Joseph Ianfranco and Byron Babione's recent post at the American Spectator, "Atheists Attack 9/11 Cross," deserves some comment, as it instantiates a troubling bit of doublethink when it comes to defending state-sponsored religious symbolism. On the one hand, there is the line that these symbols are representative of the religion of the society, and so what's wrong with a democracy that reflects the religious views of the majority? On the other hand, there is the line that recognizes the necessity of restraint, but also holds that using the specific symbols in question doesn't amount to government endorsement of any particular religion. The trouble is that you can't have both.
They run their first line of argument by quoting the majority (with Kennedy as the lead writer) in the SCOTUS Salazar v Bruno case regarding a giant cross erected in the Mojave desert:
The Constitution does not oblige government to avoid any public acknowledgment of religion's role in society.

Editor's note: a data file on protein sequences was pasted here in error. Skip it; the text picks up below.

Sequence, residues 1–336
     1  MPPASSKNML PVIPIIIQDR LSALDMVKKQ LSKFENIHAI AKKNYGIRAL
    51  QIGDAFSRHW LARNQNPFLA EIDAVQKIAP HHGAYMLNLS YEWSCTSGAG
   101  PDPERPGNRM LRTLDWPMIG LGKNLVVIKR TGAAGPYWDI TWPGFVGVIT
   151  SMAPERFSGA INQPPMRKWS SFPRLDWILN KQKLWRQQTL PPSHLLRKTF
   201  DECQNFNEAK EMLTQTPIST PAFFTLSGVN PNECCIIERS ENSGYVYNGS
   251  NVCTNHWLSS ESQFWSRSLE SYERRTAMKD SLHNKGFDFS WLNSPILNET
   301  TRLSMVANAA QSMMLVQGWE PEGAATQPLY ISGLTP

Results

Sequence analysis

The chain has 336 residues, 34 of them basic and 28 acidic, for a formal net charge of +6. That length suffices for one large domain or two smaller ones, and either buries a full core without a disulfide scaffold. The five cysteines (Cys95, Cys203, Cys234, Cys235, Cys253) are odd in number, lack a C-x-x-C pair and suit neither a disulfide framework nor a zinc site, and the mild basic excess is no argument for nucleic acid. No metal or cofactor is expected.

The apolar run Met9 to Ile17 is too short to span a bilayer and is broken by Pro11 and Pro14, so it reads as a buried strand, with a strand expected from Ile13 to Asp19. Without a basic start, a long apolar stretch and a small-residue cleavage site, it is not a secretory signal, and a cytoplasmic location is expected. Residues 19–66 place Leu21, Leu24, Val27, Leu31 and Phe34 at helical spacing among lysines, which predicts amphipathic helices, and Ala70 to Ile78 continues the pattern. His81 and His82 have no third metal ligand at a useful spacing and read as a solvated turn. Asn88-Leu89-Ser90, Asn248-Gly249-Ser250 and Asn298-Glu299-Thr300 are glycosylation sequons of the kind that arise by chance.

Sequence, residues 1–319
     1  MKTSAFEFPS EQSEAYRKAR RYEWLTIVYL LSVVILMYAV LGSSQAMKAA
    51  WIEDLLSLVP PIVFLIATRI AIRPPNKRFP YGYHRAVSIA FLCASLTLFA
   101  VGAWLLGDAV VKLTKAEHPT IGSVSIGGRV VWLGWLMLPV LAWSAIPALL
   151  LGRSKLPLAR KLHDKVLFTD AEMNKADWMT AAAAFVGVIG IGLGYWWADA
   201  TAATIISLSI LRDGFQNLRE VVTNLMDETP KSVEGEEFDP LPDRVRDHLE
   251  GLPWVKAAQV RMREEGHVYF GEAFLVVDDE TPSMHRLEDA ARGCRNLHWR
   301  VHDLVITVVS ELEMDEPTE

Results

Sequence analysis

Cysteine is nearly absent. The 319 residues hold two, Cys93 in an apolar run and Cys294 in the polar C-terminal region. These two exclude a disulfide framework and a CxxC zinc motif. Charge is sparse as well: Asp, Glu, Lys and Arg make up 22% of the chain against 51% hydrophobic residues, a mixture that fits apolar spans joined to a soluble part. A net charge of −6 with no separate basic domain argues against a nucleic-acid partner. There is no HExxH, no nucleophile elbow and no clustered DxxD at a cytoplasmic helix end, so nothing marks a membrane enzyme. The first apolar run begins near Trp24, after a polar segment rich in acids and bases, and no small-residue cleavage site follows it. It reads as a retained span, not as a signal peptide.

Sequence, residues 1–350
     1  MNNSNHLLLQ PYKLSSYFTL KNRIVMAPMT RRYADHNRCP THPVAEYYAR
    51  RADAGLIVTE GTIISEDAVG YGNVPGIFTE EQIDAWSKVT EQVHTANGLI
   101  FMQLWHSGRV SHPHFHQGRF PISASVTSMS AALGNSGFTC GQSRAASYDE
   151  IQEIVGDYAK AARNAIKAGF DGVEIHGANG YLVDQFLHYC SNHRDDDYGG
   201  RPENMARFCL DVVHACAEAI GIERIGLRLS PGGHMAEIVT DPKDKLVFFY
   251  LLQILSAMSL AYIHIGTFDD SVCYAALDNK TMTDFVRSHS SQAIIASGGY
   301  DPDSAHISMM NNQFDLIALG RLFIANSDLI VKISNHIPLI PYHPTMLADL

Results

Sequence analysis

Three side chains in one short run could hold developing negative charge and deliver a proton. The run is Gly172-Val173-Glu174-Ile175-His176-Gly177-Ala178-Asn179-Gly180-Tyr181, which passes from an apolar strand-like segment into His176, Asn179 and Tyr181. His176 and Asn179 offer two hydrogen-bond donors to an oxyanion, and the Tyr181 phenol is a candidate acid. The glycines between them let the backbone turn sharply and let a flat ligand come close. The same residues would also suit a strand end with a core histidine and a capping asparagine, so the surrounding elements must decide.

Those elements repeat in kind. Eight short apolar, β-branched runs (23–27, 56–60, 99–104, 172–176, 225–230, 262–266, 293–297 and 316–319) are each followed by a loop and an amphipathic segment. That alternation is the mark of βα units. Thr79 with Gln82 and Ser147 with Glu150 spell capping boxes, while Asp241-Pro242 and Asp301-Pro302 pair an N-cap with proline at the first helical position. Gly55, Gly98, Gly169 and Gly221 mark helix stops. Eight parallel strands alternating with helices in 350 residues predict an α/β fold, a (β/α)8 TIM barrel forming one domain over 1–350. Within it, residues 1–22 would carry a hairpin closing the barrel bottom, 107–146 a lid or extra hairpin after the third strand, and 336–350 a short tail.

That's fine, but the key is that using that symbolism for lots of people's acts displays those people's acts in the light of those religious stories. There's having holidays on days that people of the dominant religion will likely take off, then there's using their symbols to invoke public virtues. This puts too much stress on the establishment issue, so defenders of religious symbolism then demur that the symbolism is all that religious to begin with.
Who drives by such a cross and immediately sees an "establishment of Christianity" instead of a memorial? Not most Americans, 72 percent of whom favor inclusion of the 9/11 cross at the New York memorial and see no constitutional violation.
Huh. That's funny, as invoking the opinions of the majority of people won't save the case that is the tyranny of the majority. As if the issue was settled as follows: You say this is the majority overreaching its bounds? Well, 75% of the people we polled say this is just fine with them!
But the deeper issue is the strange cultural blindness that Christian monoculture imbues people with. The state erecting a giant cross doesn't look in the least like an endorsement of Christianity, because crosses just mean piety and holiness and such. That's just what crosses mean, right? It seems reminiscent of the Wittgenstein joke about the Frenchman who said that French is the best language, because the words come out in the order that you think them.